The website of Trustico, a UK-based SSL certificate reseller, has gone offline following a spat with certificate issuer DigiCert over more than 20,000 compromised certs.
The reseller accused US-based DigiCert, which acquired Symantec’s SSL certificate division in August last year for US$950 million, of sending out an “unauthorised” email advising customers of their certificates being revoked; DigiCert accused Trustico of sending highly confidential private keys over email.
The clash is a complicated mess between the two providers, with the decision to revoke the certificates seemingly triggered after Trustico apparently emailed more than 20,000 private keys to DigiCert as way of providing evidence they had been compromised.
The affected users included Australian IT firms, who forwarded the email to CRN and posted about the issue online.
Trustico on 28 February sent users an email that it was no longer offering Symantec, GeoTrust, RapidSSL and Thawte branded SSL certificates. "Unfortunately, Google Chrome has decided to distrust these SSL certificates."
"Recently DigiCert acquired the Symantec SSL certificate division and subsequently an e-mail was sent by DigiCert to some of our SSL certificate customers advising of the revocation of their distrusted SSL certificate. We didn't authorise this e-mail to be sent and had specifically disabled it within the DigiCert system."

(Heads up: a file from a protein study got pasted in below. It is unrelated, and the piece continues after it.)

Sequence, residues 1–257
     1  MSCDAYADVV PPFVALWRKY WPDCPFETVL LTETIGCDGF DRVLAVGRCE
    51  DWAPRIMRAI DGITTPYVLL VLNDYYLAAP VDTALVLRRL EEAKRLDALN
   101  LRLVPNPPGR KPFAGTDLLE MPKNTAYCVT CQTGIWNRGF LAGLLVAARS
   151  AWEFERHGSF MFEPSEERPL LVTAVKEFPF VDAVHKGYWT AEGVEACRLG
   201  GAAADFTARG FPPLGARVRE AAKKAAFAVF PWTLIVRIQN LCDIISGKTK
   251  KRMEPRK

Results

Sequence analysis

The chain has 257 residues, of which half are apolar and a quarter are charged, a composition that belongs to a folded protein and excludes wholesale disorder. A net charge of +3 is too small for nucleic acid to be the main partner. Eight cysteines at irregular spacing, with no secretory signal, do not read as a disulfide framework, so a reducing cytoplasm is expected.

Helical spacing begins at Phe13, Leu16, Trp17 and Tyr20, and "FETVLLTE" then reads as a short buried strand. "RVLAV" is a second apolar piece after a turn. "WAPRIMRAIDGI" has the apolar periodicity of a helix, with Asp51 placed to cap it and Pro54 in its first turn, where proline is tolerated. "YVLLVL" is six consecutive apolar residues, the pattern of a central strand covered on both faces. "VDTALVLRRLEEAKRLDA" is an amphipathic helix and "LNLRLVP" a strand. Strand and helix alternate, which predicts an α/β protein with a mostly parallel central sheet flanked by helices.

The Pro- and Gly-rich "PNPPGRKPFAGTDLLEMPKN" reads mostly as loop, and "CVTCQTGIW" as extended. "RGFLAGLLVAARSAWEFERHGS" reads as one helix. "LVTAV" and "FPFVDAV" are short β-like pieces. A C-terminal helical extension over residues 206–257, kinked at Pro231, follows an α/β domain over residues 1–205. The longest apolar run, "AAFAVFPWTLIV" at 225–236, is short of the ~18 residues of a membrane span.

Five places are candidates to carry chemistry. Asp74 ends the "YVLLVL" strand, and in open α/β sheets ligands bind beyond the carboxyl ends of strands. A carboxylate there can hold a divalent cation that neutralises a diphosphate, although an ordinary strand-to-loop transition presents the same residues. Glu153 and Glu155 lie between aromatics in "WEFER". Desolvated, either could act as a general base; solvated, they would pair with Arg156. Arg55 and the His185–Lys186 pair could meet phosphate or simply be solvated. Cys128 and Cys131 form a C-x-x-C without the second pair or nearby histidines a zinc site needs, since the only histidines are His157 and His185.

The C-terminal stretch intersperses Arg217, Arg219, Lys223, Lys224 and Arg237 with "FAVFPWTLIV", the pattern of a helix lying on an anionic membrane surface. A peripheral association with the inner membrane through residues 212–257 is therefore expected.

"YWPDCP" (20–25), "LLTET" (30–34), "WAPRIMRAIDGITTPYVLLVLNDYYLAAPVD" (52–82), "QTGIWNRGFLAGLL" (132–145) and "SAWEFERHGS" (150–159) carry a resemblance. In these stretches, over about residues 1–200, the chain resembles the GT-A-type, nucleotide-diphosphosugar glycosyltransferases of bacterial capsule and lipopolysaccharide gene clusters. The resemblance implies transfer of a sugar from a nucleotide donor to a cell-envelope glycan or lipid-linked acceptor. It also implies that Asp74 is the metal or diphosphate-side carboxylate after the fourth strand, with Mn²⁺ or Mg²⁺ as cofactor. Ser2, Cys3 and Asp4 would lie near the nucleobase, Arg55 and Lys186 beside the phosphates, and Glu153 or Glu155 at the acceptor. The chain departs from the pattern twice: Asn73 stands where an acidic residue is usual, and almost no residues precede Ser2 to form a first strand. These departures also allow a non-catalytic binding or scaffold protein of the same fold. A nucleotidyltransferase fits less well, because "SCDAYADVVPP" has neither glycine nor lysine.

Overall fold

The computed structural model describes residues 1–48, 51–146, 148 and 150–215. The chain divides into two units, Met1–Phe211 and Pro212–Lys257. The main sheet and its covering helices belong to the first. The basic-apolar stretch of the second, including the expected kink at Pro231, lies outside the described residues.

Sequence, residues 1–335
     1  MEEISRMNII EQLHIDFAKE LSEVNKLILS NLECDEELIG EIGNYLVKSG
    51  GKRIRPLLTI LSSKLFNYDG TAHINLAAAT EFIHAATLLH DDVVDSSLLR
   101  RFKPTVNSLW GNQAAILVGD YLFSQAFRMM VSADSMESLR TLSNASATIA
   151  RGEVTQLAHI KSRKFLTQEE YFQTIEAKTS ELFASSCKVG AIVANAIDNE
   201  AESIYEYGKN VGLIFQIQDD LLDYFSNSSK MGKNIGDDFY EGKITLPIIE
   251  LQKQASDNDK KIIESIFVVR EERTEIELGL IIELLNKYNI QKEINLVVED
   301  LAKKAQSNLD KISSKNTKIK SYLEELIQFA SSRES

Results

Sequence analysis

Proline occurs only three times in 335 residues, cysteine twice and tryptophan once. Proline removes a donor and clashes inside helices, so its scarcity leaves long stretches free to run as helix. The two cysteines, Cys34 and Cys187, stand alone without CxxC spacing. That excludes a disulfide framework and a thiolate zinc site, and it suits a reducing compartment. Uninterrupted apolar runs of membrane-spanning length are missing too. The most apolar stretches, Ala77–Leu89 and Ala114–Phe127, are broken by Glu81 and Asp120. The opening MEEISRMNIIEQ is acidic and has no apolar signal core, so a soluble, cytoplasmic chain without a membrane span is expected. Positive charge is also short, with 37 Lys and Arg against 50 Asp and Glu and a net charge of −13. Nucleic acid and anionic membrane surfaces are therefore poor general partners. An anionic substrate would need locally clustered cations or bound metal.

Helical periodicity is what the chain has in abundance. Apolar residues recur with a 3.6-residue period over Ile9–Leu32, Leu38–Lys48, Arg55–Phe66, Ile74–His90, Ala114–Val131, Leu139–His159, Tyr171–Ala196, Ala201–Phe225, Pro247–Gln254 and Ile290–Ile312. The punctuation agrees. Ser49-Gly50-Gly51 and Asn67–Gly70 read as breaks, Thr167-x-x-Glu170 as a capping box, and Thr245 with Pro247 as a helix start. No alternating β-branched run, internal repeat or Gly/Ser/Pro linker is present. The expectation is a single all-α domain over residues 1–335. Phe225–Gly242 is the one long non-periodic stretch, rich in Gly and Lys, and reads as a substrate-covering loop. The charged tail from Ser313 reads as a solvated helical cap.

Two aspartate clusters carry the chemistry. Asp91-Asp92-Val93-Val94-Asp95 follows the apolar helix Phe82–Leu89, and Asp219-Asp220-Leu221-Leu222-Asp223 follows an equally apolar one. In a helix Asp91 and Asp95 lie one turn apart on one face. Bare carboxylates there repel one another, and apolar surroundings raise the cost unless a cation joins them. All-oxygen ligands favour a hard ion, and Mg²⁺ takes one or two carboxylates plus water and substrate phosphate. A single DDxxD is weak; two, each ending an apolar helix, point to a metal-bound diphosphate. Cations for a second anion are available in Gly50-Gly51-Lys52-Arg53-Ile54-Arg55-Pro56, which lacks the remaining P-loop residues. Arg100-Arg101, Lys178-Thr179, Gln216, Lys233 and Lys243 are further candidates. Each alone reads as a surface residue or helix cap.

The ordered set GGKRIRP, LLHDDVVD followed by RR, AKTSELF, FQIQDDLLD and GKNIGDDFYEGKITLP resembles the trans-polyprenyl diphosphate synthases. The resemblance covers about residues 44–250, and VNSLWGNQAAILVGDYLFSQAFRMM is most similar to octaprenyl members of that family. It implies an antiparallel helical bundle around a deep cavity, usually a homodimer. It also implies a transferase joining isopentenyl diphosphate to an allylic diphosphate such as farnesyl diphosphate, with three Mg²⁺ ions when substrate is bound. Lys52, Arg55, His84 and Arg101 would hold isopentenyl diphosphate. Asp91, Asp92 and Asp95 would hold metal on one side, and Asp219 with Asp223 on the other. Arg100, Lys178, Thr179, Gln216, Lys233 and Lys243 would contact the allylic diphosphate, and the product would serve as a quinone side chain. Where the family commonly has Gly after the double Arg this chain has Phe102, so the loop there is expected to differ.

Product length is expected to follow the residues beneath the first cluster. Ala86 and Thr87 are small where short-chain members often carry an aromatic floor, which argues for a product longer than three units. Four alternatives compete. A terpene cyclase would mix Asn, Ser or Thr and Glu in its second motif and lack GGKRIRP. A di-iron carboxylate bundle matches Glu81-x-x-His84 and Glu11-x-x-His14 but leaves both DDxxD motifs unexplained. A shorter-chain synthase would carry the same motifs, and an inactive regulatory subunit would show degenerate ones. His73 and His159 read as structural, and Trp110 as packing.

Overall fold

The problems worsened when Trustico, which has an Australian office in Bundall, Queensland, contacted DigiCert to request that certain certificates be revoked, claiming they were compromised.
"Trustico did not provide proof of compromise, so we suggested a couple of ways to demonstrate that by either confirming control over the private key or confirming the domain holder’s confirmation of the revocation request," according to an email sent by DigiCert support to customers.
"Trustico told us that they held the private keys. We asked them to confirm this. When they sent the private keys, it immediately initiated a 24-hour period for revocation of your certificate, and thousands of others, as required by the CA/Browser Forum Baseline Requirements.
"We don't know why or how Trustico had the private key to your certificate, yet once it was emailed to us your certificate was compromised," continued to DigiCert email.
"To be clear: the compromise occurred when Trustico, the company from which you purchased the certificate, sent DigiCert, the Certificate Authority, your private key.
"This revocation is not related to the upcoming Google Chrome distrust of Symantec-issued certificates; we have been and will continue to work diligently to reissue those affected certificates and ensure that our customers avoid any disruption."